Michigan’s approximately 20 million acres of forest land play a key role in the state’s recreation, forest products and other important industries, and the health of those forests is essential to sustaining this vital resource for many generations.
The 2016 Forest Health Highlights report, recently released by the Michigan Department of Natural Resources, gives an overview of Michigan’s forests, the insects and diseases that have threatened them over the past year, and details about what is being done to improve the state’s urban and rural forests.
The report breaks down forest health threats by examining insects and diseases, forest decline and ongoing forest health research. Accompanying photos and maps illustrate the pests and show the effects they have had on Michigan’s forest system.
Among the highlights in the report are the DNR’s efforts to control spruce budworm, a native forest pest that periodically defoliates spruce and fir forests in the northeast. Spruce budworm infestations likely will continue to increase over the next 10 years, and efforts are under way to identify high-risk areas in state forests.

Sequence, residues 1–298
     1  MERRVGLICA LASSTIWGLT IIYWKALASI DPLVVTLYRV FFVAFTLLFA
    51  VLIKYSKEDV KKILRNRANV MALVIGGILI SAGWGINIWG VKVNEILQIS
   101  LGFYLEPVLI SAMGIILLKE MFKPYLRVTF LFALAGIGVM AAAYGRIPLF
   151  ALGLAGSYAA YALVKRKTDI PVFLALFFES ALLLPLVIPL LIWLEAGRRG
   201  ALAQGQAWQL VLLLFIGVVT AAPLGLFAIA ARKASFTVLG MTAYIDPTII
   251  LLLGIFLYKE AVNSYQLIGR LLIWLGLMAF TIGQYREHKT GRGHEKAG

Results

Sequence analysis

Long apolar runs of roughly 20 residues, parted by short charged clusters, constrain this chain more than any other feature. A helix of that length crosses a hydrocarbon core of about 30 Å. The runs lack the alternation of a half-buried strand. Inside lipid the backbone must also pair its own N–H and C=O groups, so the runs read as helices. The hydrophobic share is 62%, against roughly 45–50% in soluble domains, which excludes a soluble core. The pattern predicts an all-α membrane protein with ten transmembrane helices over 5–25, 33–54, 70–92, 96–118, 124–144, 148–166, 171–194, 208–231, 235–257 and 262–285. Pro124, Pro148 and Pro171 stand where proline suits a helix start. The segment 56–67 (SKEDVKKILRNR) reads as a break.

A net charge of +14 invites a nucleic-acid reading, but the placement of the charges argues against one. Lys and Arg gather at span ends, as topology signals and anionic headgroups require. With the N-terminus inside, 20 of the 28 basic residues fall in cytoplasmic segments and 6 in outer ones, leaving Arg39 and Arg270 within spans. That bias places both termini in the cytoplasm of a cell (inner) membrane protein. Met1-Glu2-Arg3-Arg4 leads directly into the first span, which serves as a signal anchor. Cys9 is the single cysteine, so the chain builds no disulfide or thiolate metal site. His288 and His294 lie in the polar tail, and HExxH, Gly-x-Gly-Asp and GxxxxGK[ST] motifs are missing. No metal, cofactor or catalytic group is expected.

Hemlock woolly adelgid, an exotic invasive insect that kills hemlock trees, was found in the west-central Lower Peninsula in 2015, and state agencies are working to develop a response strategy and to inform the public. The Michigan Department of Agriculture and Rural Development also is leading the discussion around a proposed quarantine area in western lower Michigan that would restrict the movement of hemlock seedlings and trees.
Status of these infestations is discussed, along with cooperative efforts by the DNR, MDARD, Michigan State University and others to address threats to Michigan’s forests.
“The key to preventing and slowing the spread of exotic invasive organisms in Michigan’s forests is public awareness,” said Roger Mech, DNR forest health specialist. “The Forest Health Highlights report provides timely information about the condition of our forests and what’s being done to protect this important resource.”
To learn more about the health of the state forest system, check out the 2016 Forest Health Highlights report by visiting www.michigan.gov/foresthealth.